Antiretroviral therapy (ART) and tuberculosis (TB) treatment are associated with substantial improvement in 6-minute walk test distance (6MWD) at 24 weeks and improved lung function in patients with TB and HIV infection, according to study findings published in BMC Pulmonary Medicine.
Researchers used 6MWD to assess the association between physical function and the effectiveness of ART and anti-tubercular therapy in patients with HIV/TB co-infection. The findings are from a secondary analysis of The Lung Function after TB-IRIS (LIFT-IRIS) study, which was conducted in Gauteng, South Africa, from July 2016 to March 2018.
Researchers for LIFT-IRIS enrolled adults with HIV and TB who initiated anti-TB treatment within 30 days of TB diagnosis and were ART-naïve.
The 6-minute walk test distance, lung function, and symptom scores on the chronic obstructive pulmonary disease (COPD) assessment test were analyzed at baseline and at weeks 4, 12, and 24. Biomarkers were assessed at baseline, week 4, and week 12, during the peak of TB-associated inflammation.
The biomarkers assessed included matrix metalloproteinases-1 (MMP-1), tissue inhibitor of MMP (TIMP)-1, collagen 1a, interleukin-6 (IL-6), interleukin-8 (IL-8), vascular cell adhesion molecule 1 (VCAM-1), C-X-C motif chemokine 10 (CXCL-10), CXCL-11, macrophage colony-stimulating factor (M-CSF), plasminogen activator, vascular endothelial growth factor, and chemokine (C-C) motif-2 (CCL-2).
The main analyses used logistic regression to examine how the odds of a minimum clinically important difference (MCID) in 6MWD at week 24 related to baseline characteristics, including lung function and biomarker levels, as well as the associations between changes in clinical characteristics from baseline to weeks 4 and 12.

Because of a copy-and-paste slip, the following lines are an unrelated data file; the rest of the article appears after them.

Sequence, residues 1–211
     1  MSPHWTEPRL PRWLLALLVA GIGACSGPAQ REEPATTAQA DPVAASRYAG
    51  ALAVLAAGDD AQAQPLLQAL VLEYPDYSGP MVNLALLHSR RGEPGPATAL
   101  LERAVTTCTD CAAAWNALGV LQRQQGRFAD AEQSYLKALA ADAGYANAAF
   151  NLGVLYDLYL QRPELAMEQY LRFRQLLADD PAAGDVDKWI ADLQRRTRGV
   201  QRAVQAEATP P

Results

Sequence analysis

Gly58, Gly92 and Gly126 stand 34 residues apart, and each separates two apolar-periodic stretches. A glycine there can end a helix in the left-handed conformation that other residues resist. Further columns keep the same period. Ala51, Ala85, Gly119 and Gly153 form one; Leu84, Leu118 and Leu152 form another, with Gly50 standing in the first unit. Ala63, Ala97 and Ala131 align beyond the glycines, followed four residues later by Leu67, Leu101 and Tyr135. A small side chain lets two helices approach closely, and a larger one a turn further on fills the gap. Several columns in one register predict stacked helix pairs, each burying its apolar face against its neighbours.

Of 128 patients with a baseline 6MWD, 89 (70%) completed the test at week 24 and were included. The participants had a mean (SD) age of 37.2 (8.1) years, and 58% were male. The mean time between TB treatment initiation and ART initiation was 30 (18) days.
After initiation of ART, the mean 6MWD increased from 393 (68.5) meters at baseline to 430 (69.6) meters at week 24, which was about a 9% improvement.
The cutoff for MCID in the 6MWD during 24 weeks of treatment was 41 m, and 43 (48%) patients had an increased distance equal to this amount or greater. Higher pre-ART levels of TIMP-1 and MCSF and lower levels of collagen 1a also were associated with an increased odds of having an MCID in 6MWD at week 24.
An increased odds of an MCID in 6MWD by week 24 was significantly associated with greater increases in forced expiratory volume in 1 second percent predicted (odds ratio [OR], 1.20; 95% CI, 1.03-1.43; P =.04) and forced vital capacity percent predicted (OR, 1.22; 95% CI, 1.01-1.52; P =.05) between baseline and week 12.
Increased collagen 1a levels at weeks 4 and 12 (OR, 1.31; 95% CI, 1.08-1.62; P =.02) and increased levels of CXCL-10 at week 4 (OR, 1.08; 95% CI, 1.00-1.22; P =.05) were significantly associated with increased adjusted odds of an MCID in 6-minute walk test distance.
Study limitations include a high rate of loss to follow-up (30%) at week 24, and the researchers did not track CD4 counts or body mass index changes during ART, which may have been associated with the 6MWD at week 24. Also, plasma marker levels after week 12 were not available, and bias in the 6-minute walk test may have been introduced owing to patient misunderstanding of the test instructions.
“Taken together, these findings highlight the beneficial effects of treating HIV and TB on physical function and suggest distinct dynamics of inflammatory and certain tissue repair processes,” stated the study authors. “Furthermore, the 6-minute walk test provides some insight into the physical capacity of patients beyond lung function, and therefore may serve as a complementary measure to follow up post-TB sequelae.”
Baik Y, Maenetje P, Schramm D, et al. Lung function and collagen 1a levels are associated with changes in 6 min walk test distance during treatment of TB among HIV-infected adults: a prospective cohort study. BMC Pulm Med. 2023;23(1):53. doi:10.1186/s12890-023-02325-7
This article originally appeared on Pulmonology Advisor